And what about the broken credit markets that have made the U.S. Government into the only lender in this country? Is there a program in place that’s trying to fix that? In fact, what are we doing to fix anything? I must have lost track and I can’t seem to find anything online either.
I know what a smashing success HAMP has been, but I’m not trying to split hairs or even criticize the administration… I just don’t remember hearing about any other wonky acronyms for programs that are in the process of fixing things. Are we working on any? Am I going to wake up one day and hear an announcement that things are better because… why?
Will the economy just fix itself? It doesn’t seem to have worked that way in Japan, ever since their housing bubble popped in 1990. I read that property values in Japan today are 60% of where they were in 1990 when their bubble deflated. That’s twenty years ago… they tried economic stimuli and quantitative easings… and all the same stuff we’ve tried… and their economy didn’t fix itself… why will ours?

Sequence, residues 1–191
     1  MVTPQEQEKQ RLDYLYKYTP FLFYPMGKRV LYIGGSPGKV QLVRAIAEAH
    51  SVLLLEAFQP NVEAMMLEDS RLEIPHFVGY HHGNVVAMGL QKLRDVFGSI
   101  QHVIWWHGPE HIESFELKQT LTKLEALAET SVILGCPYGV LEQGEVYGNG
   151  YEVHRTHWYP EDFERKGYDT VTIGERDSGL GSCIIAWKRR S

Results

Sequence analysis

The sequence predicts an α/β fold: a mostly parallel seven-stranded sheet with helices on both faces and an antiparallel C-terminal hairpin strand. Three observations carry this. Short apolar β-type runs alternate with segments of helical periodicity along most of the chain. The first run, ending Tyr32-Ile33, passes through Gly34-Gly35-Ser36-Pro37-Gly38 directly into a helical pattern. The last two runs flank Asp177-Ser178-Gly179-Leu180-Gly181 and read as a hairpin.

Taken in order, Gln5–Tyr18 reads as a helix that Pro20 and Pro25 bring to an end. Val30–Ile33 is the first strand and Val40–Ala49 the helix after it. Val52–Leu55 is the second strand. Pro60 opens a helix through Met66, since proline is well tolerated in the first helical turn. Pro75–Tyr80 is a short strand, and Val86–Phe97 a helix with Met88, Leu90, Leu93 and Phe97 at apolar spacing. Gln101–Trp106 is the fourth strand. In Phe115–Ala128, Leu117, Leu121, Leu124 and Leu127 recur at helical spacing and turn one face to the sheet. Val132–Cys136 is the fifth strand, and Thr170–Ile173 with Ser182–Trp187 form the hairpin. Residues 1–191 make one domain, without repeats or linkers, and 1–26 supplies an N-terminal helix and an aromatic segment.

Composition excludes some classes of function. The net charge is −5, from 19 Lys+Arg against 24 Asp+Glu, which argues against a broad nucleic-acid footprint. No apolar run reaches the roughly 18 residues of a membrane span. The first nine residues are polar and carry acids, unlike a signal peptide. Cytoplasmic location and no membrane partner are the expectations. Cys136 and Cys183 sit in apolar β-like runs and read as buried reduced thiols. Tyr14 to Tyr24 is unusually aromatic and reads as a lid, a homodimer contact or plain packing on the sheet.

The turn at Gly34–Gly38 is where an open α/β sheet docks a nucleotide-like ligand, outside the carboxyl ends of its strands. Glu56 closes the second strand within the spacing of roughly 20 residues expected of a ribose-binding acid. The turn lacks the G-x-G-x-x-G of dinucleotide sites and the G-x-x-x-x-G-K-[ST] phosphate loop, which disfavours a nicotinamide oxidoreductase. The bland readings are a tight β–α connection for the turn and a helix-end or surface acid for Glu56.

And shouldn’t our politicians look more worried than they do now? Why are they all so calm that they can sit around debating the reforming of health care reform, and the like? Why aren’t they proposing some sort of program that might not work, but at least sounds like it could? I mean, the Dems just got their butts kicked in the mid-terms… why aren’t they at least pretending to be doing something? I mean, besides extending tax cuts and unemployment benefits?
Is it just me, or do our elected representatives now look like they think they work for some corporation and don’t really report to us anymore? Like they’ll decide what they want to work on and it doesn’t really matter what we want them to do… they’ll just decide on their own?